When the U.S. Supreme announced its decision in Dobbs v. Jackson Women’s Health, it reversed 50 years of precedent establishing a constitutional right to abortion.
But a new study from Public Religion Research Institute shows that 64 percent of Americans still believe abortion should be legal in most or all cases.
More specifically, 30 percent of Americans feel abortion should be legal in all cases and 34 percent support abortion being legal in most cases, while 25 percent of Americans believe abortion should be illegal in most cases and 9 percent believe it should be illegal in all cases.
While a smaller share of Alabamians believe abortion should be legal in most or all cases, it is still a majority according to the study, with 55 percent of Alabama citizens supporting legality. Only 12 percent of Alabamians believe it should be illegal in all cases, despite the state’s law being one of the most restrictive in the country, including no exceptions for cases of rape or incest.
The share of Americans who say abortion should be legal in most or all cases has continued to increase since PRRI began tracking abortion legality in 2010, when it was at 55 percent. The share of those who say abortion should be illegal in most or all cases has shrunk (from 42 percent in 2010 to 34 percent now), with the proportion who say abortion should be illegal in all cases seeing the largest decline (from 15 percent in 2010 to 9 percent now).
However, there has been little movement in attitudes about abortion’s legality in the wake of the Supreme Court’s Dobbs decision in June 2022.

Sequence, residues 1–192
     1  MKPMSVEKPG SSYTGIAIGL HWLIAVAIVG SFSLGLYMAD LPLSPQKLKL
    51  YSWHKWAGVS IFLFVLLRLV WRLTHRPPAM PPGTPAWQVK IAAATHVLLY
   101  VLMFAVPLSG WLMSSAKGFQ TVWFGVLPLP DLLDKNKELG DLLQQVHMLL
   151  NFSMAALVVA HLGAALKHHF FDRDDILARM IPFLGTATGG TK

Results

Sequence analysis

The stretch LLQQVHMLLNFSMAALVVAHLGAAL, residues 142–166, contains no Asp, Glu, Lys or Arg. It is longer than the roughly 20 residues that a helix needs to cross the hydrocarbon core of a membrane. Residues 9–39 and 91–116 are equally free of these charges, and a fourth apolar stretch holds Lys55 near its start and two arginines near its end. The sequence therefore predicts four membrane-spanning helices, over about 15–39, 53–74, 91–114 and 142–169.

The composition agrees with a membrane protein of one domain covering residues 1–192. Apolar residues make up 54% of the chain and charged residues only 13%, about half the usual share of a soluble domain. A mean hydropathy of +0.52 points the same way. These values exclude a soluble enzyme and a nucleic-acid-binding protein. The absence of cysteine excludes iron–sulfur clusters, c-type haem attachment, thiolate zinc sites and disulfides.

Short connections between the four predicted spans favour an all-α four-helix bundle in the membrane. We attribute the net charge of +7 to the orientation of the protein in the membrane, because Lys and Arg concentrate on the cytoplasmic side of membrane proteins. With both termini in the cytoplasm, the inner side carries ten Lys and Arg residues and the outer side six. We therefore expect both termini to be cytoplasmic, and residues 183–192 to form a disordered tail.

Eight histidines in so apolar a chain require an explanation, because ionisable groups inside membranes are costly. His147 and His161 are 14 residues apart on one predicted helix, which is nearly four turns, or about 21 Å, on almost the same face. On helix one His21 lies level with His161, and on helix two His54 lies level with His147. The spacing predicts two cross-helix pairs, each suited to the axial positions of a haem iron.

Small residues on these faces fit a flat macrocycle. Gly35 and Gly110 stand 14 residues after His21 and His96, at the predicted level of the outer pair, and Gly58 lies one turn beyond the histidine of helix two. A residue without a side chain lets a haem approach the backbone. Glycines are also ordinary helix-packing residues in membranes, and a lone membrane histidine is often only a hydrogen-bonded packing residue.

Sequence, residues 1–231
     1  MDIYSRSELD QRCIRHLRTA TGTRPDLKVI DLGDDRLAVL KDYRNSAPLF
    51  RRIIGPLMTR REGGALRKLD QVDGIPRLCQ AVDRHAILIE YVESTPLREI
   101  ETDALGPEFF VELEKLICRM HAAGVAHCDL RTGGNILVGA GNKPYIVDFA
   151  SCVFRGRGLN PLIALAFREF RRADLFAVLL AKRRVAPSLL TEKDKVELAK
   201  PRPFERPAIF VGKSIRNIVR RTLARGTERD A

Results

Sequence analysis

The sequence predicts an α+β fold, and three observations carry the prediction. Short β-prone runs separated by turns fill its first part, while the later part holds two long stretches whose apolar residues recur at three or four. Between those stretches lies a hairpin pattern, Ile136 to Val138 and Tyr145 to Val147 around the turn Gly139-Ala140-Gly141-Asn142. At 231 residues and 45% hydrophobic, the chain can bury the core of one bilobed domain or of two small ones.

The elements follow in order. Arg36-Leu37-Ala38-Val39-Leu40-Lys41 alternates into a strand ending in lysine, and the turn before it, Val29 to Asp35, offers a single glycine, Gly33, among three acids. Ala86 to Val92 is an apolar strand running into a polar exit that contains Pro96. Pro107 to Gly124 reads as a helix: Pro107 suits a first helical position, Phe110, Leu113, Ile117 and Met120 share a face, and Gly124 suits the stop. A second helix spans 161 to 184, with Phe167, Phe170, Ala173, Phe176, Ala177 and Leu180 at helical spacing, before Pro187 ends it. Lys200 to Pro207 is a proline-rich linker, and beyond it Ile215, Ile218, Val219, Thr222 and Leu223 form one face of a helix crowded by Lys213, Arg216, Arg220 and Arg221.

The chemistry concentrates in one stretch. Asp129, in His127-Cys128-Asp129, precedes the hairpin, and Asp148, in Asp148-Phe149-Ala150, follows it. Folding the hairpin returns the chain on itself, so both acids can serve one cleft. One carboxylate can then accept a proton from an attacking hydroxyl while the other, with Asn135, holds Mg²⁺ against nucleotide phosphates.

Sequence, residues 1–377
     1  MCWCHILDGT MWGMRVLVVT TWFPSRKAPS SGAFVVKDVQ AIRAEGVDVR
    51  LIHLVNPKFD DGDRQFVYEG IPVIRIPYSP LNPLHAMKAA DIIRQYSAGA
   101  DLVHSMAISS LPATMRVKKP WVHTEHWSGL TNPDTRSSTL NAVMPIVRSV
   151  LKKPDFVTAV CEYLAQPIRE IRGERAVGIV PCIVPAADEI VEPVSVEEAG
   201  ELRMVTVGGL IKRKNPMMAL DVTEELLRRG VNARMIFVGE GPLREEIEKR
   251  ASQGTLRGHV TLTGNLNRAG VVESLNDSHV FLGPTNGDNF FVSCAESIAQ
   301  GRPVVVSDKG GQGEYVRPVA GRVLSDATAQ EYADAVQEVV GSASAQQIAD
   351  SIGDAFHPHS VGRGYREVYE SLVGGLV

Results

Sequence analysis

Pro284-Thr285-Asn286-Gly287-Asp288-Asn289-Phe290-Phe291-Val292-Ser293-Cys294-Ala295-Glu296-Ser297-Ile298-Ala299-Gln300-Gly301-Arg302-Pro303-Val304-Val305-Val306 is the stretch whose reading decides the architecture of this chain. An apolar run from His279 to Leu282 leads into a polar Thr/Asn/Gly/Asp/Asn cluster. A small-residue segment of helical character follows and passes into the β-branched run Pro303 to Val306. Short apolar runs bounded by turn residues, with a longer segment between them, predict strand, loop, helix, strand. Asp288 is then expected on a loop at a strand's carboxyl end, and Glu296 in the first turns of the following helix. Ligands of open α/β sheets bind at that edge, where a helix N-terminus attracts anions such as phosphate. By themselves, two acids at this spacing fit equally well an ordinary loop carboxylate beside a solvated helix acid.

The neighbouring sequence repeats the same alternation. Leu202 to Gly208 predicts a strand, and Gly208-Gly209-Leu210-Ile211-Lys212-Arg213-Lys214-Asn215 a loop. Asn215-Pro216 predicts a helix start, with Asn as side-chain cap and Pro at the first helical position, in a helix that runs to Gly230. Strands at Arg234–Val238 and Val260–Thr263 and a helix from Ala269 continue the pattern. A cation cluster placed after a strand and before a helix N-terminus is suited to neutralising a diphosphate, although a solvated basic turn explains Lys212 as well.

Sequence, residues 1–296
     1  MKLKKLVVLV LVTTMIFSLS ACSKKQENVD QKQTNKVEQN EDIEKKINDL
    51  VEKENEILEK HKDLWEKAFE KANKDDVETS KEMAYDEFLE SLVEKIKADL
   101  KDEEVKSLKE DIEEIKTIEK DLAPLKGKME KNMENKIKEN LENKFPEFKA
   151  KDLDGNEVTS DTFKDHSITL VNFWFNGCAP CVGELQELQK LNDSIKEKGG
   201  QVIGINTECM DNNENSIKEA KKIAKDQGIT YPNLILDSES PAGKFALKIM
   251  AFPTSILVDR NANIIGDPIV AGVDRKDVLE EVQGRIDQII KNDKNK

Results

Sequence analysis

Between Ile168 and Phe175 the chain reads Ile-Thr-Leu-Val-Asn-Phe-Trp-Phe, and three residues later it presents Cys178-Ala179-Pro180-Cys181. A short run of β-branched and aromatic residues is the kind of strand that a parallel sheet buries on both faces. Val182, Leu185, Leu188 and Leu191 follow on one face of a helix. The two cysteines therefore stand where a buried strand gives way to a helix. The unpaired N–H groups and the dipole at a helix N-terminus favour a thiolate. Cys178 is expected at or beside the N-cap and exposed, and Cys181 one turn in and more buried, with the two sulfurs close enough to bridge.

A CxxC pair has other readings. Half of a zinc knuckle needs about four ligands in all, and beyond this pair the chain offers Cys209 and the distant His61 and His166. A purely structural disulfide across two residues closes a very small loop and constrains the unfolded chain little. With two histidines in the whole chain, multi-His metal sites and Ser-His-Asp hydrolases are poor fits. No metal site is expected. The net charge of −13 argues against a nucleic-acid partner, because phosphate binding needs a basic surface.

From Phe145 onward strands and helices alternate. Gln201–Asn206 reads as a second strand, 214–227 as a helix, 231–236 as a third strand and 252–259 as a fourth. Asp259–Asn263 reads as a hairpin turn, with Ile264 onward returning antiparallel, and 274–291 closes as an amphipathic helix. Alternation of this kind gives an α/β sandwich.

As has been the case, there is a large split between party lines. In the Republican Party, two-thirds of Americans support abortion being illegal in most or all cases in contrast to the national figures. However, support for making abortion illegal in all cases has dropped drastically among the base from 21 percent in September 2021 to 14 percent in December 2022.
Almost 9 in 10 Democrats say abortion should be legal in most or all cases, including 48 percent who believe it should be legal in all cases.
The study found that factors of education level or race have less to do with respondents’ belief about abortion as majorities across every race and educational attainment believed abortion should be legal in most or all cases.
Uncertainty about the new post-Roe world has dropped considerably since the decision. Americans’ uncertainty about what would happen regarding abortion’s legality in their state decreased after the Dobbs decision. In the March wave of the American Values Atlas, nearly half of respondents (48 percent) said they did not know what the status of abortion law in their state would be in a post-Roe world. That declined to 38 percent in the June wave, and then dropped to 29 percent in August and 30 percent in December.
Only 25 percent of Americans said they will only vote for a candidate whose views on abortion align with their own. More than half (52 percent) said abortion is just one of many important factors to consider, while 20 percent said they do not see abortion as a major issue when voting.
A majority of Americans (53 percent) say Congress should pass a national law preserving a right to abortion, compared with 12 percent who say Congress should pass a national law banning abortion. About one-third (32 percent) say abortion law should be left to the states.